- Israel hits symbols of Hamas rule; scores killed
- Mississippi abortion law can’t be enforced
- Teacher who survived Sandy Hook has book deal
- Jury awards Jesse Ventura $1.8M in case vs. ‘American Sniper’ author Chris Kyle
- Middle Eastern firm’s deal to manage U.S. cargo port raises security concerns
- Bob McDonnell’s defense: Lonely wife developed ‘crush’ on CEO
- Chinese hackers stole ‘huge quantities’ of sensitive data on Israel’s Iron Dome
- House Republicans unveil bill to speed deportations of border children
- Californians protest middle school for hiring white man to teach cultural studies
- Killer’s sentencing overturned because mother couldn’t find seat in courtroom
Trial starts; Is Detroit eligible for bankruptcy?
Question of the Day
DETROIT (AP) — The city of Detroit will present a “mountain of evidence” to show that its perilous finances qualify for a turnaround in bankruptcy court, an attorney said Wednesday as a judge opened an extraordinary trial to determine if the largest public filing in U.S. history will go forward.
Detroit, with $18 billion in debt, filed for Chapter 9 protection in July, but it’s not automatic. Judge Steven Rhodes has set aside several days to hear evidence and decide whether the city met many key steps, including good-faith negotiations with creditors, before taking drastic action three months ago.
“There’s nothing left to do here. There is no revenue solution. … Chapter 9 is more needed here than another other possible scenario you could think of,” attorney Bruce Bennett said in his opening remarks.
He said no one can credibly argue that Detroit is solvent.
Witnesses “will present a mountain of evidence showing the insolvency of the city,” Bennett said. “This is one of those cases where the data speaks very clearly and persuasively on its own. It needs no gloss.”
The trial poses a critical decision for Judge Steven Rhodes: If Detroit clears the eligibility hurdle, the case then would quickly turn to how to solve the debt and get city government off the ropes.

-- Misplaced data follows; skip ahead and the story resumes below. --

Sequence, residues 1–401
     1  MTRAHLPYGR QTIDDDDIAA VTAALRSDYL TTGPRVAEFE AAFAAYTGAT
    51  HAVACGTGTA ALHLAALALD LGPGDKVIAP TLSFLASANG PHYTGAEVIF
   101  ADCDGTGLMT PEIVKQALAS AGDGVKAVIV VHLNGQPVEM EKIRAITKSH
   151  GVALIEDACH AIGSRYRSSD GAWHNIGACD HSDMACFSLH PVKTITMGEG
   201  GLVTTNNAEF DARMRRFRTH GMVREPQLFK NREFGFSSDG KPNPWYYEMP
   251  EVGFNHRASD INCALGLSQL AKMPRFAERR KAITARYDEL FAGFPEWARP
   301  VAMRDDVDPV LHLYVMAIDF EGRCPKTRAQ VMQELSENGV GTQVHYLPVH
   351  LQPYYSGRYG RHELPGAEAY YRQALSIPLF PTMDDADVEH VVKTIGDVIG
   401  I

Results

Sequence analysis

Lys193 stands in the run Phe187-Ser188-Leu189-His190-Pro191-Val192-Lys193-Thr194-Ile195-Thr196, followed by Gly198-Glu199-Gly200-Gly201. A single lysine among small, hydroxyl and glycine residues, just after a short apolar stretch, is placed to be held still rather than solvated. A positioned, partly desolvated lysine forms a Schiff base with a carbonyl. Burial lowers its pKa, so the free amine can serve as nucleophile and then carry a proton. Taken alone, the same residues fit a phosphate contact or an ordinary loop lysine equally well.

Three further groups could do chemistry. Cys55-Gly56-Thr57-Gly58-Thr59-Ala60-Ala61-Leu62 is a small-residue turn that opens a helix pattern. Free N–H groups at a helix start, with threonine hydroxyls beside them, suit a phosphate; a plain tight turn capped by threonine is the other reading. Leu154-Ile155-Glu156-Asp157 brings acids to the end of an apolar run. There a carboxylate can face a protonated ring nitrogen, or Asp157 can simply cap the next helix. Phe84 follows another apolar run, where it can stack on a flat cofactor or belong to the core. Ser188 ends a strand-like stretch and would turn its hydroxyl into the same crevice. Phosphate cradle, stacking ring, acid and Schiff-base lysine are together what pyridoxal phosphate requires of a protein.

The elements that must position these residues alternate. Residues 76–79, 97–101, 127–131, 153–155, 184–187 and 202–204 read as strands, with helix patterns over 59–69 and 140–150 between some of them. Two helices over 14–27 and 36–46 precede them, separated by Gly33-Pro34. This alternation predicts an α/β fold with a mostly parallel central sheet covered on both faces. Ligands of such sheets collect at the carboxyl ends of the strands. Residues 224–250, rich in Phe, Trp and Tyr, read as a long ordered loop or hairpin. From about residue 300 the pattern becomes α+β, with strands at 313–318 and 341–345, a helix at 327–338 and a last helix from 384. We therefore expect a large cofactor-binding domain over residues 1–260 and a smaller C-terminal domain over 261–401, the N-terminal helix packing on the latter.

“It’s a crucial point in the case,” said lawyer Chuck Tatelbaum, a bankruptcy expert in Fort Lauderdale, Fla. “There will be others, but this is the go or no-go. … If there was ever a poster child for what Congress decided when they enacted Chapter 9, it’s for a city like this.”
Jim Spiotto, a bankruptcy expert in Chicago, said it’s “virtually impossible” to argue that Detroit is solvent.
“They’re not paying their debts,” he said. “Look at their blighted areas. Look at their services.”
Nonetheless, unions and pension funds are challenging Detroit on the eligibility question. They claim emergency manager Kevyn Orr, who acquired nearly unfettered control over city finances following his appointment by Michigan Gov. Rick Snyder, was not genuinely interested in negotiating when they met with his team in June and July. Orr insists pension funds are short $3.5 billion and health coverage also needs to be overhauled.
Evidence will show that Orr “planned to file bankruptcy long before the purported negotiations had run their course, confirming that the ‘negotiations’ were no more than a check-the-box exercise on the way to the courthouse,” Babette Ceccotti, an attorney for the United Auto Workers, said in a court filing.
Earle Erman, attorney for Detroit’s public safety unions, said the city has cut wages and changed health care benefits without across-the-table talks. Lawyer Sharon Levine, who’s representing the American Federation of State, County and Municipal Employees, said the city spent months “mapping out its path to Chapter 9,” not looking for compromises that could keep Detroit out of bankruptcy.
In response, however, attorneys for the city said a June 14 meeting and subsequent sessions with creditors were well-intended but fruitless. A bankruptcy filing was being prepared, they acknowledged, but “never set in stone.”
Spiotto said the judge will have much discretion to determine whether the city has met its “good-faith” burden.
“I don’t think courts require perfection,” he said. “Good faith is not measured solely by, ‘Did they offer what we want?’ It’s about providing opportunity.”
TWT Video Picks
- Boehner rules out impeachment: 'Scam started by Democrats'
- Obama thanks Muslims for 'building the very fabric of our nation'
- Obama's brother wears Hamas scarf bearing anti-Israel slogans in photo
- Tactical advantage: Russian military shows off impressive new gear
- Federal judge grants 90-day stay in D.C. gun case
- McCLAUGHRY: Finish off the "Islamic State" quickly and cheaply
- New York Times reporter Carol Vogel accused of plagiarism
- Iraqi Christians rally at White House: 'Obama, Obama, where are you?'
- Hillary Clinton: Forget Obama, George W. Bush made her 'proud to be an American'
- ISIL destroys key bridge leading to Baghdad; suicide truck bomb severed supply line
Obama's biggest White House 'fails'
Celebrities turned politicians
Athletes turned actors
20 gadgets that changed the world